As reported on the front page of the July issue of the Bar Bulletin, the Washington Supreme Court was considering amendments to GR 14.1, concerning citation to unpublished opinions of the Washington Court of Appeals. The Supreme Court approved changes to the rule on June 2.
The amended rule, which goes into effect on September 1, now states, with new language underlined and excised language stricken through:
CITATION TO UNPUBLISHED OPINIONS
(a) Washington Court of Appeals.
A party may not cite as an authority an unpublished opinion of the Court of Appeals. Unpublished opinions of the Court of Appeals are those opinions not published in the Washington Appellate Reports. Unpublished opinions of the Court of Appeals have no precedential value and are not binding on any court. However, unpublished opinions of the Court of Appeals filed on or after March 1, 2013, may be cited as nonbinding authorities, if identified as such by the citing party, and may be accorded such persuasive value as the court deems appropriate.
(b) Other Jurisdictions. A party may cite as an authority an opinion designated “unpublished,” “not for publication,” “non-precedential,” “not precedent,” or the like that has been issued by any court from a jurisdiction other than Washington state, only if citation to that opinion is permitted under the law of the jurisdiction of the issuing court.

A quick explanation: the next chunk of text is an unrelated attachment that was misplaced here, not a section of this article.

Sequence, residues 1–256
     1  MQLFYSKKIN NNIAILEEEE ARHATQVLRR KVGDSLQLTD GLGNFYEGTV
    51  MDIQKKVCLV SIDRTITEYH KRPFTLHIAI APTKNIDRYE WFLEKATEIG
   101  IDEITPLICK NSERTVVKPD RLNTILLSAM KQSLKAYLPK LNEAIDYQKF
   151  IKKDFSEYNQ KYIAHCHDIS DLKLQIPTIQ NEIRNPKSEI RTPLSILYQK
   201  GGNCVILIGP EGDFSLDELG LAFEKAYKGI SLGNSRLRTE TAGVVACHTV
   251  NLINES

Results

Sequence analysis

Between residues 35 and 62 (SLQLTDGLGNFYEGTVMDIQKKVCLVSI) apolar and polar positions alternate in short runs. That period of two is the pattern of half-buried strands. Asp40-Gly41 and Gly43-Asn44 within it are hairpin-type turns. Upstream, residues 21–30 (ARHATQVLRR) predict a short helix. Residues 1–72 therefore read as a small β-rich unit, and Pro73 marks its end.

The party citing the opinion shall file and serve a copy of the opinion with the brief or other paper in which the opinion is cited.
(c) Citation of Unpublished Opinions in Subsequent Opinions.Washington appellate courts should not, unless necessary for a reasoned decision, cite or discuss unpublished opinions in their opinions.
(d) Copies of Unpublished Opinions. The party citing an unpublished opinion from a jurisdiction other than Washington shall file and serve a copy of the opinion as an appendix to the pleading in which the authority is cited.
RCW 2.06.040 provides that all cases having precedential value shall be published as opinions of the court. The statute further provides that each panel shall determine whether a decision has sufficient precedential value to be published, and those which do not shall not be published.
...login to read the rest of this article.